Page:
The first time I fired my wood burner I had a little experience with other kilns and firing. I had participated in firing wood burning kilns in Crescent City CA, Flagstaff AZ, Salt Lake City UT, Witichita KS and Himeji City Japan. I had a couple of friends with me for that firing. We thought we had it dialed. After 20 hours at it I crawled off to catch some sleep leaving my two friends with instructions to keep the kiln slowly climbing in temperature. When I returned to the firing a few hours later I found, to my alarm, that the kiln had lose several hundred degrees temperature and we were fast running out of wood. About that time Lee came by to check on us and bring some breakfast. We were all brain dead and unable to come to any sense of how to deal with the situation. She sized things up and sent me scrambling to the sawmill seven miles away for more wood. The other two firemen went to bed and Lee took over stoking duties.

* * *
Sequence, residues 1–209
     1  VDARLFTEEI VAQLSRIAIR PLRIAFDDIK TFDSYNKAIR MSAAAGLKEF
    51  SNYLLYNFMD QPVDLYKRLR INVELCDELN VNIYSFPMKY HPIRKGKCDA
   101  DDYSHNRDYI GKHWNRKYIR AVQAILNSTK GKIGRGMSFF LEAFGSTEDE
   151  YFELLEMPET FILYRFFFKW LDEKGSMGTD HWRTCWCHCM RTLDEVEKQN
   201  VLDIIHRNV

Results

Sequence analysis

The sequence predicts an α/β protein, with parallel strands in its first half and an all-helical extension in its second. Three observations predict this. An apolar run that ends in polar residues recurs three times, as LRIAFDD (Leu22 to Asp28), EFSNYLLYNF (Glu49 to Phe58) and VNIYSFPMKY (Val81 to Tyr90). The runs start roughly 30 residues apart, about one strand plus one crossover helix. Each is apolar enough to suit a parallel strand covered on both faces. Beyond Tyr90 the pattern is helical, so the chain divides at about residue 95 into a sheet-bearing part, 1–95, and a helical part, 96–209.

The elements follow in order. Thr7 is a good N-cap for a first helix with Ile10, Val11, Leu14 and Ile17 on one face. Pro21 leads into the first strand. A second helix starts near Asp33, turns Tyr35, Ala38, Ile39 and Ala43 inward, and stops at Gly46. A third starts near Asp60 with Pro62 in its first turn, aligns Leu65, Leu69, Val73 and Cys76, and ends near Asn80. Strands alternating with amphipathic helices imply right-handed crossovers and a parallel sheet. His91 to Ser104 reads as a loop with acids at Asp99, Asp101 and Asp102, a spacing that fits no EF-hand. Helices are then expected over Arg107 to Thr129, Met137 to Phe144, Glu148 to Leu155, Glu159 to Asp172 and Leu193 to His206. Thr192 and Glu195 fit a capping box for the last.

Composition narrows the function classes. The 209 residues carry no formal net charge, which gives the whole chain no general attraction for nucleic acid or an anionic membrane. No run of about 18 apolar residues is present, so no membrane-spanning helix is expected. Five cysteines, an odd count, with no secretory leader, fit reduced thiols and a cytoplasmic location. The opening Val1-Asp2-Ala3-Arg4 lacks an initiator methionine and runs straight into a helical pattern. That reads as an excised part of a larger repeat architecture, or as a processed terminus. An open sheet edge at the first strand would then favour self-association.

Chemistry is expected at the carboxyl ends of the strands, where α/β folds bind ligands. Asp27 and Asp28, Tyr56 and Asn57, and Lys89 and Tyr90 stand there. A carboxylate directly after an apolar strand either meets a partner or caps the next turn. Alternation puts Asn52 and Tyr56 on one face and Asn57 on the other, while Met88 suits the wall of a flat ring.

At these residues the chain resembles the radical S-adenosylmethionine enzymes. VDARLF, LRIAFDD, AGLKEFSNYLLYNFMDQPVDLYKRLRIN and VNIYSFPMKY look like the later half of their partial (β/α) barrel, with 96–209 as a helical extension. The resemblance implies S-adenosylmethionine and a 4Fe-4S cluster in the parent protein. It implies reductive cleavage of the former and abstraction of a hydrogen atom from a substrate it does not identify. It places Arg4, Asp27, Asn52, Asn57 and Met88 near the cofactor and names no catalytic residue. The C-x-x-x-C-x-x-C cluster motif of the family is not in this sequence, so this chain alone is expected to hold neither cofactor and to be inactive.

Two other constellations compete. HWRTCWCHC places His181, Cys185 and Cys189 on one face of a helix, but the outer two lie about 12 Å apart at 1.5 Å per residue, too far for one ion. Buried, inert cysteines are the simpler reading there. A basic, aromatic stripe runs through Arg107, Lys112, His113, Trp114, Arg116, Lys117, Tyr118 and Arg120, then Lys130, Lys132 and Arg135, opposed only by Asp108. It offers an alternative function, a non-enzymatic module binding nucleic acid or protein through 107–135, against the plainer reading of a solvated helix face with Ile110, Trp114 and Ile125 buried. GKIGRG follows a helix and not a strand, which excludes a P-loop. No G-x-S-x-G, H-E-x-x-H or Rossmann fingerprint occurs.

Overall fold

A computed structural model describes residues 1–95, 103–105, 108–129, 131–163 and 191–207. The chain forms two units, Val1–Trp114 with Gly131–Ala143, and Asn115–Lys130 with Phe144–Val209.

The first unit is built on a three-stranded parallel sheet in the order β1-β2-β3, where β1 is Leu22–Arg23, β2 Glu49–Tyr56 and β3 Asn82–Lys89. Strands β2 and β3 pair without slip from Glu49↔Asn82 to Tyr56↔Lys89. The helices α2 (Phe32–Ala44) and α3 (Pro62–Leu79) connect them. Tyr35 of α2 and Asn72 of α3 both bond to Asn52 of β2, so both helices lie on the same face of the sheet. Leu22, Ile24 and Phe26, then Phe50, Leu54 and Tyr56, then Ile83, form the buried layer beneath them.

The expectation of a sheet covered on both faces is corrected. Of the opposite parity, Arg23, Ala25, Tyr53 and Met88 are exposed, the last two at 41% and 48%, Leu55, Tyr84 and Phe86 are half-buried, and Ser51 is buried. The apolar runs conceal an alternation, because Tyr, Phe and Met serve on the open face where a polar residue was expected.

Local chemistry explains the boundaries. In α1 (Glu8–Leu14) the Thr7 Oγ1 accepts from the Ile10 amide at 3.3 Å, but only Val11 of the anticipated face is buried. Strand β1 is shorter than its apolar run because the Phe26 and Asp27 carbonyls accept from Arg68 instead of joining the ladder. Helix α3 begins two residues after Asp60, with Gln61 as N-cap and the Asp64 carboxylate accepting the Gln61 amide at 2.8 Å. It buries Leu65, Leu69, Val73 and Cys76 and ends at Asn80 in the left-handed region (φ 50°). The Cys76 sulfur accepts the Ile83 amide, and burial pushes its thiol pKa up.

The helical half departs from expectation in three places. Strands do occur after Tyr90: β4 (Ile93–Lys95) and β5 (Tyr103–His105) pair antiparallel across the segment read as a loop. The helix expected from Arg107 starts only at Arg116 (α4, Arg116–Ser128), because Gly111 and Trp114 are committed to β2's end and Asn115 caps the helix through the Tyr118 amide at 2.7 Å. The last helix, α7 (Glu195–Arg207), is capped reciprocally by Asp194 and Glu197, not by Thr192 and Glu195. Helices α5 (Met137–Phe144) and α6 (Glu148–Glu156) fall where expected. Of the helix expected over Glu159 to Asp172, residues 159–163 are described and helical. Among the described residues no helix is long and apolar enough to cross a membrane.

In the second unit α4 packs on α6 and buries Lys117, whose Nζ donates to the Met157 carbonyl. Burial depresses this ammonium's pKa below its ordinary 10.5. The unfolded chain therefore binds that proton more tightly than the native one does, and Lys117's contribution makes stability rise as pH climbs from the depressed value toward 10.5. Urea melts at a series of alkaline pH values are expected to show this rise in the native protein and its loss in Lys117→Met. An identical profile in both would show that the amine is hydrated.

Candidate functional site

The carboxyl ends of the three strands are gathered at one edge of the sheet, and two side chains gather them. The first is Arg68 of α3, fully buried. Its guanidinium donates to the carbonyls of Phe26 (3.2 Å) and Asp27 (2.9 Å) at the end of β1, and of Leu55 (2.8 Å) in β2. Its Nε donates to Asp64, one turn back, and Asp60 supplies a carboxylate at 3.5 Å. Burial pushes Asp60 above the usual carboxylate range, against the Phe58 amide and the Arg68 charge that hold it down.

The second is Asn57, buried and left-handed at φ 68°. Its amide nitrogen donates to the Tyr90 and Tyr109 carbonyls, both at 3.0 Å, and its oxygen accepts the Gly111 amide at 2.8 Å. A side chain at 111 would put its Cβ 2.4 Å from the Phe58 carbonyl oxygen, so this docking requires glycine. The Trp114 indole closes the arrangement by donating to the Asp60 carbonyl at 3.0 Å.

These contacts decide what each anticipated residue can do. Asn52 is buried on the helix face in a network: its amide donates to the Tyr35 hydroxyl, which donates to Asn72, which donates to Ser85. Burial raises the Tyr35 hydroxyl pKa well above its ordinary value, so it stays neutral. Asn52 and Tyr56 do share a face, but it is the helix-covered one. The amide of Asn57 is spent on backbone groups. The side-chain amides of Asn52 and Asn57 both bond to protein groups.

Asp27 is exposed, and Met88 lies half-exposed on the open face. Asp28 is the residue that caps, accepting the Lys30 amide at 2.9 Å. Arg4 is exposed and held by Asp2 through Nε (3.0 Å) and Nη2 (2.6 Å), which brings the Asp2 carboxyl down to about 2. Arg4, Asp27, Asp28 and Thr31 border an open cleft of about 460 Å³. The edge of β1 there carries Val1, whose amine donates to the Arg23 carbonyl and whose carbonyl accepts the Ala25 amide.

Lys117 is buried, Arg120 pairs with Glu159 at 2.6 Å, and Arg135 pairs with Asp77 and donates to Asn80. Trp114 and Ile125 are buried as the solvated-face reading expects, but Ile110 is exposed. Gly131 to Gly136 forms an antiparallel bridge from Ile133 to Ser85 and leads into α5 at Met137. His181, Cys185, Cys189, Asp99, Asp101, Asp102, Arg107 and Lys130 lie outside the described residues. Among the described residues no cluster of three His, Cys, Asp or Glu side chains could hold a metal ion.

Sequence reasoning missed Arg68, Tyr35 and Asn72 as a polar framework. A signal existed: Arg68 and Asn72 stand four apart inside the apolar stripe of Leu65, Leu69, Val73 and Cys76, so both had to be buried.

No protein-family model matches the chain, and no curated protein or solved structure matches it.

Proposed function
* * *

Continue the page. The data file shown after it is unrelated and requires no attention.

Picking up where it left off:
As I started driving back toward Spring City with my load of fuel I could see a column of smoke of biblical proportions rising above Spring City across the valley. When I pulled into the kiln yard Lee set me to butchering wood and she continued firing. The kiln had regained the lost temperature and continued to sail forward under her care. The firing was finished by early afternoon and I went back to bed. To that point Lee had never fired a wood burning kiln. She just had a natural intuitive sense of how it should be done. I have heard that in Korea women are not allowed near the kiln during the early stages of the firing. Their energy is too hot and a steep temperature rise early in the firing can be disastrous. Later when that danger is past the women come in and help get the fire over the hump to completion. I am a believer.
Now when I fire I start the kiln early in the morning and sit with it through the critical stage. Lee comes at mid day and spells me so I can grab a sandwich and a nap. I never worry about whether the kiln is in good hands. She is the only one I totally trust to care for the fire for me.